Once complete, the Consular Officer will likely be able to tell you if your application was a success, and within what timeline to expect your passport to be returned. You can use the CEAC status check to track progress here also. They will also present you with a sealed envelope which you will be told not to open.

At this point, things didn’t go according to plan for me. The Federal Government system for processing visas went offline for 3 weeks, causing extreme delays to the processing of all cases. Hopefully this doesn’t happen to you!

You need to enter the US within 6 months. Thankfully all flights in Ireland pre-clear at Point-of-Entry (Shannon and Dublin). Leave an extra 30 mins to process compared to normal. When you present to U.S. pre-clearance, you will present your Immigrant Visa in your passport, along with the envelope from the embassy. You’ll be likely taken aside, and be told to wait - it took me roughly 15 mins. They will apply a stamp to your passport, and this becomes your Green Card until the physical card arrives in the post.

I managed to save quite a lot of money by processing this without the assistance of an attorney, but it takes work. If resident in the US, and processing via CP, expect to take at least one transatlantic flight booked at late notice and at great cost. I had two, driving up costs.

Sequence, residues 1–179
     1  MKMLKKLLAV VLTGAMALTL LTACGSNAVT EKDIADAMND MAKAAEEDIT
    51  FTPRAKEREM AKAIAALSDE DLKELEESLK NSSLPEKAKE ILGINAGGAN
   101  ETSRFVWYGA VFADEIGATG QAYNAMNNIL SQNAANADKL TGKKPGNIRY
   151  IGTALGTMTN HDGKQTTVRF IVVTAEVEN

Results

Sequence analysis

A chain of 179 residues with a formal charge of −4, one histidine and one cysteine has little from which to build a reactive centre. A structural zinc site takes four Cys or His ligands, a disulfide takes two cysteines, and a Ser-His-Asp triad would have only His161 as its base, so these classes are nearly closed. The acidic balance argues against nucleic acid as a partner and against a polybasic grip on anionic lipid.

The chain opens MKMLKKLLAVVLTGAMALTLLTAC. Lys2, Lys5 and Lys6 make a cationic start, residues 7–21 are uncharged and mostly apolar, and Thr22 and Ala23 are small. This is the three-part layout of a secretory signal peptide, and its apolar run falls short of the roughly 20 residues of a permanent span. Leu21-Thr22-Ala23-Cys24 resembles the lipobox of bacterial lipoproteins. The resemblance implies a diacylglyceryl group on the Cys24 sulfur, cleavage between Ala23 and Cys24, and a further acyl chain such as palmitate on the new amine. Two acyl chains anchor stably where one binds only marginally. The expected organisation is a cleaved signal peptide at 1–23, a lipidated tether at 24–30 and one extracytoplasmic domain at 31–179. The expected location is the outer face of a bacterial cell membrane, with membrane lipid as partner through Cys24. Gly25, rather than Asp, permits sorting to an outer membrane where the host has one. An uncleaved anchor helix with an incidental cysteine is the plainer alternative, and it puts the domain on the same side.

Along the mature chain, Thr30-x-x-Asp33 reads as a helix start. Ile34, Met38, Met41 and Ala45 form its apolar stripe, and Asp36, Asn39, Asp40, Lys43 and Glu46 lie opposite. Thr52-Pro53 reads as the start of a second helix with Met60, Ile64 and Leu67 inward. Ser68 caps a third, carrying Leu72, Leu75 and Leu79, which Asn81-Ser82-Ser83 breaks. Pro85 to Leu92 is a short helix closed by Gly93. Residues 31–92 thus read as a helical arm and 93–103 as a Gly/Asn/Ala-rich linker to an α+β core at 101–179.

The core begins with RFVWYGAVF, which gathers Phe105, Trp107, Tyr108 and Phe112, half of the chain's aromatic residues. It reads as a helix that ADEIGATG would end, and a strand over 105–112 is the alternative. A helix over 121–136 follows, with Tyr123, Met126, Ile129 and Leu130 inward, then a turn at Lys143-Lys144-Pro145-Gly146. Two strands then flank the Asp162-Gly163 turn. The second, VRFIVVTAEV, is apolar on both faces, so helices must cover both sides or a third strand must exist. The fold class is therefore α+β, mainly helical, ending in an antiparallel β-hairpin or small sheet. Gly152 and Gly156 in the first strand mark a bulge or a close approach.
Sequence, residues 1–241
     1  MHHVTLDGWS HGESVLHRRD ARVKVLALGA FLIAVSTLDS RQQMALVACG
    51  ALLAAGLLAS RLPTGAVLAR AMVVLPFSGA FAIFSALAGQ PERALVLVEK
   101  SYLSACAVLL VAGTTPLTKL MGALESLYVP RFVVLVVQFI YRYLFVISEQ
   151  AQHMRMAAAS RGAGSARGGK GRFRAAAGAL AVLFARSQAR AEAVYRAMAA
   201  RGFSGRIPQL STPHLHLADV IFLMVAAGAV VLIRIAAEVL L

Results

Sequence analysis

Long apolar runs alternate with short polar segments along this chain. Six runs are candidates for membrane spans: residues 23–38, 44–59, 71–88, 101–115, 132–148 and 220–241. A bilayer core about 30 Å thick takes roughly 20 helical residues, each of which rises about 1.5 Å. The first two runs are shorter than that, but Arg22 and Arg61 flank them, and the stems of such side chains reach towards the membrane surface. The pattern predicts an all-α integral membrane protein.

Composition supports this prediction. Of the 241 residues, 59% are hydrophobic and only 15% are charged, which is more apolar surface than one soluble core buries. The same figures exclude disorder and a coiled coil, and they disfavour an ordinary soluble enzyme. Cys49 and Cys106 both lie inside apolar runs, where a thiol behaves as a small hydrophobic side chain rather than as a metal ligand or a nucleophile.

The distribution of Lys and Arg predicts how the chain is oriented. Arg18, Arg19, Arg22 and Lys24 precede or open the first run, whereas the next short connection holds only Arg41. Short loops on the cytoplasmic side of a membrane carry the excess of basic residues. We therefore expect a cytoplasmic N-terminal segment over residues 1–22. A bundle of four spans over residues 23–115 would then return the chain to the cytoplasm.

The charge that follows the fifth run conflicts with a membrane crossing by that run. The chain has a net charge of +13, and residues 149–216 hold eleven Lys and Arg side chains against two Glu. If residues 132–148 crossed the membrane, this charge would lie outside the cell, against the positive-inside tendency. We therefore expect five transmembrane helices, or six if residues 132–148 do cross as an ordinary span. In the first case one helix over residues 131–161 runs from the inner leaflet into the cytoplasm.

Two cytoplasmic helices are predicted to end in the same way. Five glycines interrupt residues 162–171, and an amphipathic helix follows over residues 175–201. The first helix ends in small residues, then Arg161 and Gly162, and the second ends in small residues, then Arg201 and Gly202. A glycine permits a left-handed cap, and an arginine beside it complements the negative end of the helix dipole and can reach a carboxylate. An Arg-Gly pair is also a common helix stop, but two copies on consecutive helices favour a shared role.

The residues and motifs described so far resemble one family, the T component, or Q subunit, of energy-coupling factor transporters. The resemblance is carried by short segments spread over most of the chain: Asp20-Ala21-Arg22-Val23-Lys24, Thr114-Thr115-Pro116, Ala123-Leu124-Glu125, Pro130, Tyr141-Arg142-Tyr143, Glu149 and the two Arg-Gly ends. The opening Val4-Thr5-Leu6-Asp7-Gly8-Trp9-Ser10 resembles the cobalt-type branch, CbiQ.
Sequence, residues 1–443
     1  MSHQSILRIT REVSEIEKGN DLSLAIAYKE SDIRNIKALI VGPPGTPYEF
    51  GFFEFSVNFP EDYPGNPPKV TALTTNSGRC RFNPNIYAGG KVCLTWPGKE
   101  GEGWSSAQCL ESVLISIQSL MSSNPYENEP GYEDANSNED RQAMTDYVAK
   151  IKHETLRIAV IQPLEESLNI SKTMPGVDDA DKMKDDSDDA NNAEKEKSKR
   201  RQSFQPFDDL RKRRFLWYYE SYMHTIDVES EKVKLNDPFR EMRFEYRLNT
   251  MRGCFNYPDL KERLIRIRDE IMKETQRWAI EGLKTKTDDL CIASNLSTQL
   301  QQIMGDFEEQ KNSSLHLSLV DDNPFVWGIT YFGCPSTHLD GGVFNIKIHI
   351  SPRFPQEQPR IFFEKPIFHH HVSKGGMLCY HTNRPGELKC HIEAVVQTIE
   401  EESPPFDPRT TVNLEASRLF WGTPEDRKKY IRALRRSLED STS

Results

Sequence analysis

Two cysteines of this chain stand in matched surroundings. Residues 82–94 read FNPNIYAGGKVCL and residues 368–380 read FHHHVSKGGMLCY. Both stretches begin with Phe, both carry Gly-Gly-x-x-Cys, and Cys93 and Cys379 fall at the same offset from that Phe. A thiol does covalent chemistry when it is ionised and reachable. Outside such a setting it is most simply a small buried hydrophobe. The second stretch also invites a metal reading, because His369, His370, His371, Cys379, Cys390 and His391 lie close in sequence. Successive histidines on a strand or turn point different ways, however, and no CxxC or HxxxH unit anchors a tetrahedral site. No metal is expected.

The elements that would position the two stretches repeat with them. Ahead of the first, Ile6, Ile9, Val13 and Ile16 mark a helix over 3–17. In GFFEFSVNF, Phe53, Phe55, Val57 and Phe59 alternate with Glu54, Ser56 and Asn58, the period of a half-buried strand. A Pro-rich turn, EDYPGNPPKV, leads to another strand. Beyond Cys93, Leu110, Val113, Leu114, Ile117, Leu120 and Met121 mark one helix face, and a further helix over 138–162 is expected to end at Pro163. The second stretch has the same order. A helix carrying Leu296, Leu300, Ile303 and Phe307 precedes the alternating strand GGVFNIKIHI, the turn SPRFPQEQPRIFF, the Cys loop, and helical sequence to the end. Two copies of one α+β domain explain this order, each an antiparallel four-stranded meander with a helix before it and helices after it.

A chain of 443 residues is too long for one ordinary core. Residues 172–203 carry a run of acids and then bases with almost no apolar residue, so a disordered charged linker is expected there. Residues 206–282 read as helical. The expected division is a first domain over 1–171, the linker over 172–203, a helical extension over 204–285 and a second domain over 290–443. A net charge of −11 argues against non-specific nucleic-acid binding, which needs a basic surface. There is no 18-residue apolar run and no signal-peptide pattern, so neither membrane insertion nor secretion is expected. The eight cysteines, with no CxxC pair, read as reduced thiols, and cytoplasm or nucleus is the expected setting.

Standard fees:
Blackrock Clinic Medical: $436 (€395) Diversity Visa Fee (payable at embassy): $375 (physical) Green Card USCIS Application Fee: $165

Total: $976

Flights & Misc (Recall I was processing this while living in the United States via the embassy in Ireland, hence increased costs) Return flight 1: $1,004 (including last-minute change) Return flight 2: $769 Bottle of Hendricks Gin (stress relief): $44

Grand total: $2,793

That’s it! Hopefully this recollection is of use to some folks. A huge help to Rob Dougan, who pointed out the Diversity Visa to me. Happy to answer any questions about the process in the comments below.